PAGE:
Students from the University of Zimbabwe’s college of health sciences now qualify to automatically secure licences to practise in California in the United States after they graduate. In a statement, the University of Zimbabwe said the development is a sign that the faculty is training healthcare delivery personnel that meet international best practice. The university currently offers degree programmes in medicine, dentistry, pharmacy, nursing science, medical laboratory sciences, rehabilitation, radiology and health education and health promotion. According to the statement, the University of Zimbabwe has had a long-standing collaborative partnership with the University of California dating back to 1994, and the Medical Board of California [US] has formally recognised medical degrees offered by the college of health sciences, University of Zimbabwe. According to Higher and Tertiary Education, Science and Technology Development Minister Professor Jonathan Moyo, although the University of Zimbabwe’s school of medicine has been recognised as one of the best medical schools, it is still only producing medical practitioners and must transform into an industry-incubating medical institution.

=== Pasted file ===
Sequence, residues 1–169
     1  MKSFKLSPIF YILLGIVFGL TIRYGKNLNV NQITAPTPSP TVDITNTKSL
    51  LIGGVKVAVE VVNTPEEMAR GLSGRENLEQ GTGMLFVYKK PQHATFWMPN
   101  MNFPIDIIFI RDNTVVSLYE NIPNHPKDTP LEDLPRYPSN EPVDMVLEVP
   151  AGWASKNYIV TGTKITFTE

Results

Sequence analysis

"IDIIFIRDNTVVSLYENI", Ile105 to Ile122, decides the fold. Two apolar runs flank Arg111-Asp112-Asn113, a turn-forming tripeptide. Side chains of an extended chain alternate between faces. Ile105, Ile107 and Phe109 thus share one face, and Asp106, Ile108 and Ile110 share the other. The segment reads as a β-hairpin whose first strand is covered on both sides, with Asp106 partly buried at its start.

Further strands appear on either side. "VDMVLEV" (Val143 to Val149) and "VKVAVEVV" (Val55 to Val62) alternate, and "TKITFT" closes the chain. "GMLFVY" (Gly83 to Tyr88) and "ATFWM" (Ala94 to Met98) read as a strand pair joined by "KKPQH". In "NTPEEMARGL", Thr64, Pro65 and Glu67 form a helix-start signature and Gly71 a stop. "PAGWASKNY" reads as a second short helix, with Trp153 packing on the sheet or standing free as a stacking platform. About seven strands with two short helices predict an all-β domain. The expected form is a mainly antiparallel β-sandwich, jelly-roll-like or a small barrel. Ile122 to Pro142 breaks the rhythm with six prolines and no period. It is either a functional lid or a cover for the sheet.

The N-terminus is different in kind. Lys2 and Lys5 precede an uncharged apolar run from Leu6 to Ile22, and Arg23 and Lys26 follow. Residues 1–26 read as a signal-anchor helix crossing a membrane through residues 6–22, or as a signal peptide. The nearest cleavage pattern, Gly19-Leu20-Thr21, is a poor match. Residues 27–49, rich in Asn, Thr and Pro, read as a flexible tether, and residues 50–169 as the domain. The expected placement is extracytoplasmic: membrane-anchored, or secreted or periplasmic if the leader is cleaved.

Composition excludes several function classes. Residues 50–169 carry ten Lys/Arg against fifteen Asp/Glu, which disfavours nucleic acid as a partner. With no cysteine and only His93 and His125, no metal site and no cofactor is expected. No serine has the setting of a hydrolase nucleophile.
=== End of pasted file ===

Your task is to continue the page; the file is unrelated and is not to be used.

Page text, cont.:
Ecobank Cuts Jobs to Expand Digital Platforms